MINNETONKA, Minn. - A new report from MasterCard Advisors SpendingPulse shows that holiday shopping increased just 0.7 percent this year compared to last.
The increase was way below the expected three to four percent projections.
Anne McCarthy, Dean of Hamline University's School of Business, said Wednesday that those numbers are preliminary, but she does think shoppers are being cautious this year.
Retailers hope Americans boost those numbers with vigorous post-Christmas shopping.
At Ridgedale on Wednesday, it wasn't easy to find a parking spot. There were plenty of shoppers using gift cards and holiday cash, most of them looking for good deals. And there were plenty of items on sale as retailers look to move merchandise off the shelves.
John Tulbane was there with his three daughters using gift cards at the Build-A-Bear workshop. He said the uncertain economy has him and his wife trying to spend wisely.
"I think we were close to what we spent in the last couple years, but we were more mindful of sales and coupons this year than we have been, and a lot more internet shopping than we have done in the past," he said.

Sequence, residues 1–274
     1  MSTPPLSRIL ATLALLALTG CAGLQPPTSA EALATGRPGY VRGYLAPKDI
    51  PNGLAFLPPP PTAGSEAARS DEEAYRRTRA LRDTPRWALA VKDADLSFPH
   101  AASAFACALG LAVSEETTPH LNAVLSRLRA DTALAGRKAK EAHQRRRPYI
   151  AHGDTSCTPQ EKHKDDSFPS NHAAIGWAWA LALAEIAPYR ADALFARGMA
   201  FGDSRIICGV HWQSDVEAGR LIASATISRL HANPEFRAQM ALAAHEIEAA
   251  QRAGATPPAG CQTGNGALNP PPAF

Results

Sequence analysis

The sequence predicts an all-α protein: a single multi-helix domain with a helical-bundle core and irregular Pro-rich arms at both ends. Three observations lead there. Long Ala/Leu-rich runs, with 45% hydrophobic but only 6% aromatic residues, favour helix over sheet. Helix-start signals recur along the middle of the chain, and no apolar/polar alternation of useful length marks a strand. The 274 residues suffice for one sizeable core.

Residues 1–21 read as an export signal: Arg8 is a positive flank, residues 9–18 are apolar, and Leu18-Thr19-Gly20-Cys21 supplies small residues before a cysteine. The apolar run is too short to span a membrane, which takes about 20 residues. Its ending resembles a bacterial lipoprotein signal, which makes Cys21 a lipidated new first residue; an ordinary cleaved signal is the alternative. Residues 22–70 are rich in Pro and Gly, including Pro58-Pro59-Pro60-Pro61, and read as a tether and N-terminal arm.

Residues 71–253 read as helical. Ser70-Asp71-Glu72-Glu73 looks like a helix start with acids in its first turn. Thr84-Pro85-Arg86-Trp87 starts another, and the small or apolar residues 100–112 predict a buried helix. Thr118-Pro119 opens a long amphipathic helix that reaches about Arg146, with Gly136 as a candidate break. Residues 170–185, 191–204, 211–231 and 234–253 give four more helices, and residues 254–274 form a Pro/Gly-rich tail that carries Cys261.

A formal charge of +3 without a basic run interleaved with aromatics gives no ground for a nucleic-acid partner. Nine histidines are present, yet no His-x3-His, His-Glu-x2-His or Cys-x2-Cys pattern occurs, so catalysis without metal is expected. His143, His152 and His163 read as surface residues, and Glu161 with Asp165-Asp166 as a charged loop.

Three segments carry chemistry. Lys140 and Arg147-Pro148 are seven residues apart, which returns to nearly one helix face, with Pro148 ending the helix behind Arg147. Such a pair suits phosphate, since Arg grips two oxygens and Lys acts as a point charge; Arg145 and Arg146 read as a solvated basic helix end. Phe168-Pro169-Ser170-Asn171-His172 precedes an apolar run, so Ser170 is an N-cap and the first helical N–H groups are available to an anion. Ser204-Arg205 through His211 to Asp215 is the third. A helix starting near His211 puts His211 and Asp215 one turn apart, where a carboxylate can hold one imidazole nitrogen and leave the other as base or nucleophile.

McCarthy believes people are watching what they spend due to, "Worry about the economy, worry about jobs and we've become more frugal, don't you think, over the past four years? We're just a bit more like my grandparents' generation, ones that lived through the depression."
McCarthy says the looming fiscal cliff has people worried the money in their paychecks will shrink in January. She also believes people are worried about job security.
She said times may be a little better than in the previous few years, but there's often a delay when it comes to consumer confidence.
McCarthy said there's a delay in people pulling back spending when times get tough and there's a delay in spending again when times get better.
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